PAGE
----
Labor unions can save our car industry“Made-in-Korea” automobile production that had been stagnant for years decreased by 6.4 percent in the first half of this year despite a brief rise in domestic demand because exports are sluggish and carmakers increasingly produce automobiles abroad. As a result of decreases in domestic demand, export and production, employment in automobile manufacture ring decreased by 6,000 jobs compared to 2010.
The decline of the Korean automobile industry is caused by the relative weakening of Korea’s production competitiveness compared to foreign carmakers, and fundamentally, the labor-management relationship that lead to high cost and low productivity in domestic production.
Leading automobile industries in the United States, Germany, France and Japan have turned the labor-management relations into a collaborative paradigm to secure competitive dominance and continue employment. Labor relations at Toyota, Volkswagen, GM and Renault Group, which are already ahead of Hyundai-Kia, have changed.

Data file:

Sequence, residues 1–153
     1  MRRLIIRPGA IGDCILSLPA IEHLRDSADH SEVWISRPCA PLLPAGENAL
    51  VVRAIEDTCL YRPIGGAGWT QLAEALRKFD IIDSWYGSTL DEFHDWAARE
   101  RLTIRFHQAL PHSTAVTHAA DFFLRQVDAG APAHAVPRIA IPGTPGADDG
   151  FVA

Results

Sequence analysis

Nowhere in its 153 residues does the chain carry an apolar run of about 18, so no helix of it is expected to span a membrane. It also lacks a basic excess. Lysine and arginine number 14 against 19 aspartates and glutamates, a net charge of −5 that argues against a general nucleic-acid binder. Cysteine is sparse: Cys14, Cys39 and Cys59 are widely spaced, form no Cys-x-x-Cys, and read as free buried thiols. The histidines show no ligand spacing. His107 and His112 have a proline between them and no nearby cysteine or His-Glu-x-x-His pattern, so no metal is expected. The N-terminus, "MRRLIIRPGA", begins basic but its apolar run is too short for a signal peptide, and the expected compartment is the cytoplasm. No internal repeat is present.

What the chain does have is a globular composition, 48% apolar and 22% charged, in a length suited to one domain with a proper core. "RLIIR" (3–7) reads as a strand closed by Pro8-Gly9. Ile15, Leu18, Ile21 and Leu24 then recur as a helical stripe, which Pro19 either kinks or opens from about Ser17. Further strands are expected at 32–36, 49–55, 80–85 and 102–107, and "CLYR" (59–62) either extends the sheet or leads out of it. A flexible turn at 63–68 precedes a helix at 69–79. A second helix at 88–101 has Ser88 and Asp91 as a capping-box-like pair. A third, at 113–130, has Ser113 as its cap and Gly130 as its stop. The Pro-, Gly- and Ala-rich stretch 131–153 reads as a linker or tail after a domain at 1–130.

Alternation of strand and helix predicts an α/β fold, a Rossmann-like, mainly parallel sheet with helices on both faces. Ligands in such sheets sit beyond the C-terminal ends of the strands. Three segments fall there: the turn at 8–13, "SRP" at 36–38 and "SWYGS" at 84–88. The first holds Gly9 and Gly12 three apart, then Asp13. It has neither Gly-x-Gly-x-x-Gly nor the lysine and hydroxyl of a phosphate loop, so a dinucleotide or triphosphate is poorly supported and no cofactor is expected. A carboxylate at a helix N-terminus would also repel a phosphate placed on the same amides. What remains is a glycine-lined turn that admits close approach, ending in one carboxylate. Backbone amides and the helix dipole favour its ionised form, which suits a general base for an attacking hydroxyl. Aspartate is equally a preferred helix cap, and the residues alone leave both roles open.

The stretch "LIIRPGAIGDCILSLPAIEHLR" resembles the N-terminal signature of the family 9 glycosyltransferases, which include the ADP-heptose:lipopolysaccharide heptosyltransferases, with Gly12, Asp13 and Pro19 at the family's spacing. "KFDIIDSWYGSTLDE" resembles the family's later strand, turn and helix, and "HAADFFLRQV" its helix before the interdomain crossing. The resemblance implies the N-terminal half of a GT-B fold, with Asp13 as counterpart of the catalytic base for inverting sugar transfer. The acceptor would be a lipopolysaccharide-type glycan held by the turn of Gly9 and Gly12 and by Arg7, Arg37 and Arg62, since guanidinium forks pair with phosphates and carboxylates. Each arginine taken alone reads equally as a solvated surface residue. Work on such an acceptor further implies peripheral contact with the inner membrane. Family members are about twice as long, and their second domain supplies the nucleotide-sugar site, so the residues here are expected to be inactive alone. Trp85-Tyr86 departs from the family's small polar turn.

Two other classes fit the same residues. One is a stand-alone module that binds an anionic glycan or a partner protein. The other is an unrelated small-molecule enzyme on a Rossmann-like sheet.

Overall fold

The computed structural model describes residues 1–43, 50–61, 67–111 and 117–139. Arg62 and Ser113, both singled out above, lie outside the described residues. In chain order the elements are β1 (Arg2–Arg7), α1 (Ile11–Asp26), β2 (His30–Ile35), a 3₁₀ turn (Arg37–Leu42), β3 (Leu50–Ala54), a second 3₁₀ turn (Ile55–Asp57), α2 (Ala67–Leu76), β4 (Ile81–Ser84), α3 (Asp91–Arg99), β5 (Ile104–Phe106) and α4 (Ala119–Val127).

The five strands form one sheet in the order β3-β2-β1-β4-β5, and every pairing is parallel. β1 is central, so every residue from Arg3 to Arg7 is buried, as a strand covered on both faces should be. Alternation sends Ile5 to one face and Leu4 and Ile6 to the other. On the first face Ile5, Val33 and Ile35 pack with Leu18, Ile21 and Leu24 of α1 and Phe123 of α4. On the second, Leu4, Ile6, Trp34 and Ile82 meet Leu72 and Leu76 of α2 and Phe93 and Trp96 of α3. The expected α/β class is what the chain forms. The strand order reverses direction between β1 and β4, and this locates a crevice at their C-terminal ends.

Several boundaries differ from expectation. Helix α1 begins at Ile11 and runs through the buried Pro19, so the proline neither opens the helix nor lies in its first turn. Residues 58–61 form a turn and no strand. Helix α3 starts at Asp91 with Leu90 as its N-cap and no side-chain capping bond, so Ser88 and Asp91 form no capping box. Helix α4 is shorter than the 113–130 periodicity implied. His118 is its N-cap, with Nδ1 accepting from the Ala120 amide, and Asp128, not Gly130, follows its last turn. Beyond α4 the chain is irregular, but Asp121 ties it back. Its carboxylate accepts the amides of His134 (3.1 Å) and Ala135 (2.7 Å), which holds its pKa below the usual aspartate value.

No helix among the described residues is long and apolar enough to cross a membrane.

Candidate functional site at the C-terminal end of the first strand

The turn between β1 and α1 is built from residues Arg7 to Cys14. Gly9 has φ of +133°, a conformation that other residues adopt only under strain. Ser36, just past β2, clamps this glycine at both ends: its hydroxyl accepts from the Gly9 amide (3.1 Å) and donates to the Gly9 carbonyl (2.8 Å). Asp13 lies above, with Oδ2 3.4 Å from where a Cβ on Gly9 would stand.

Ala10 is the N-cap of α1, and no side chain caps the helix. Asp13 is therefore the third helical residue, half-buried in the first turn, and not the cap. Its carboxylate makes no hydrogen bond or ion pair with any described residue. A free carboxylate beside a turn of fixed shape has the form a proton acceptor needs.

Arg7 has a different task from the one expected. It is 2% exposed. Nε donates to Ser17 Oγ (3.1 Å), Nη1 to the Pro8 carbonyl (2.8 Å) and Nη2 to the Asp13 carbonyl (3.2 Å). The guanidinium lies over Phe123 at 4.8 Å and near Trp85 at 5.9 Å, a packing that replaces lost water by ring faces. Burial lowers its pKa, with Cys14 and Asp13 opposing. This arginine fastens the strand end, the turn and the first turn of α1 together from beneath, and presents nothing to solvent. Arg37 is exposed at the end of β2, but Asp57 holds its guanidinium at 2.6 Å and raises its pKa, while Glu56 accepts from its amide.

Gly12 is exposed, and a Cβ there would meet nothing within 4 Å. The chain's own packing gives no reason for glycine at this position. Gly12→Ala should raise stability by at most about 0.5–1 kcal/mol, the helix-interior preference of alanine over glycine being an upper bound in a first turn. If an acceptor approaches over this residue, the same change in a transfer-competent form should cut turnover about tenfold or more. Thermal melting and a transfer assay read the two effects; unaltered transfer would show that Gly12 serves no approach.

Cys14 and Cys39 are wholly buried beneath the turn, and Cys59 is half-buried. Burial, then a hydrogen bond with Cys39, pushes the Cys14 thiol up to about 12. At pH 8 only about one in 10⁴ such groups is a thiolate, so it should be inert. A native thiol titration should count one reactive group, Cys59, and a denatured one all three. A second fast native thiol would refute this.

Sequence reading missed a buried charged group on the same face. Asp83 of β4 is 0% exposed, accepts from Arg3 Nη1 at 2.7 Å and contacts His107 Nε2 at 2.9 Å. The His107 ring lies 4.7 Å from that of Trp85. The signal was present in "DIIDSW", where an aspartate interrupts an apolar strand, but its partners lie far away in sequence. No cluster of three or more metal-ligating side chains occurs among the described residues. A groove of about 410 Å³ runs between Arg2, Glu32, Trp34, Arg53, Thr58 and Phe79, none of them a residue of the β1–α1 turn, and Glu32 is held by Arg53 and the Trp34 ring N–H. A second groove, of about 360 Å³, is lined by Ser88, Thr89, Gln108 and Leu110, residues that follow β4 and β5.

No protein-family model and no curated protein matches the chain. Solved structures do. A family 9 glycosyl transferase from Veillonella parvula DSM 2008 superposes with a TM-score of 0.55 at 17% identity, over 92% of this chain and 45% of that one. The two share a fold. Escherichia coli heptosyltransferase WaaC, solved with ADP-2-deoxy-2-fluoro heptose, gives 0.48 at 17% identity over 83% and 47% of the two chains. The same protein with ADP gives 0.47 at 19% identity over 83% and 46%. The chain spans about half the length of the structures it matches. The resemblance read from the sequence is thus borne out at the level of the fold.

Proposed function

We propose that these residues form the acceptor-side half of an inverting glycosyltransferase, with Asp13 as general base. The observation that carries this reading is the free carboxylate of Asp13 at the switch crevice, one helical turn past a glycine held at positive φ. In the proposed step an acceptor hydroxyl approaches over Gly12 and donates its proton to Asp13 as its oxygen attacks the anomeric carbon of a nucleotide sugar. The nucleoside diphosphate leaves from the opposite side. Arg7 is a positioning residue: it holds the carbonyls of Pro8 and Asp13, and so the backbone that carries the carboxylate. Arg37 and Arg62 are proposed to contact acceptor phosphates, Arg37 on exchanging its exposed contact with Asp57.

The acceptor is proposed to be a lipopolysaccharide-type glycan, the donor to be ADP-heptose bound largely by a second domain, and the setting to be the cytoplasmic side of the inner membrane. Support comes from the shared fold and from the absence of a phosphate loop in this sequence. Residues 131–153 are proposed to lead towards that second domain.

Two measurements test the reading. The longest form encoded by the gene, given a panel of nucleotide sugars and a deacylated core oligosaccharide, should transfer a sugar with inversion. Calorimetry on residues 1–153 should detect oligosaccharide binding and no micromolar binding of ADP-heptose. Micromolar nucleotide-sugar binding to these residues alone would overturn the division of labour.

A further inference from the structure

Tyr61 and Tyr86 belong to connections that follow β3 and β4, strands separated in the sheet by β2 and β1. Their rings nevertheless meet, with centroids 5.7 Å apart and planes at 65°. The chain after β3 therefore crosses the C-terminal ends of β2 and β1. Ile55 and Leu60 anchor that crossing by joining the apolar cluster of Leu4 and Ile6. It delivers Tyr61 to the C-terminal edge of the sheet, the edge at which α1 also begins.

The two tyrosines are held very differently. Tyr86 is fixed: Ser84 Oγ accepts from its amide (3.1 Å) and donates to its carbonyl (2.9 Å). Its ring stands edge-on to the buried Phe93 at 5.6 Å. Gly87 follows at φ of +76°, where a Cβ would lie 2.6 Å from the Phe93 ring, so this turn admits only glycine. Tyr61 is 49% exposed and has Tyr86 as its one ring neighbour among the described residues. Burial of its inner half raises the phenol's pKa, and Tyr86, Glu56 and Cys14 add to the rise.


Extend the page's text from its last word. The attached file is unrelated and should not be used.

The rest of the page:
Lately, automobile industries in Spain and Italy made recoveries. Australia’s automobile industry has lost competitiveness due to confrontational labor relations, and all global companies pulled out their factories from Australia, resulting in losses of 200,000 jobs.
Unfortunately, Korea is the only country that maintains labor relations of conflicts and confrontations among major automobile producers.
As a result, wages in Korean companies go up by 5 percent every year while rival companies in other countries had about 2 percent wage increase in the past three years.
Korea’s wage level in the automobile industry is the highest in the world, while productivity is one of the lowest as the wage levels are unrelated to productivity. The labor and management of the automobile industry need to establish a cooperative partnership toward the joint priority goal to strengthen global competitiveness and make the Korean automobile industry internationally competitive.
Maintaining a reasonable wage level and improving labor productivity to secure competitiveness will be the only way to produce more cars in Korea and maintain and expand good jobs. Koreans hope for the voluntary, patriotic determination of the labor unions that have more authority and power than unions in any other country.
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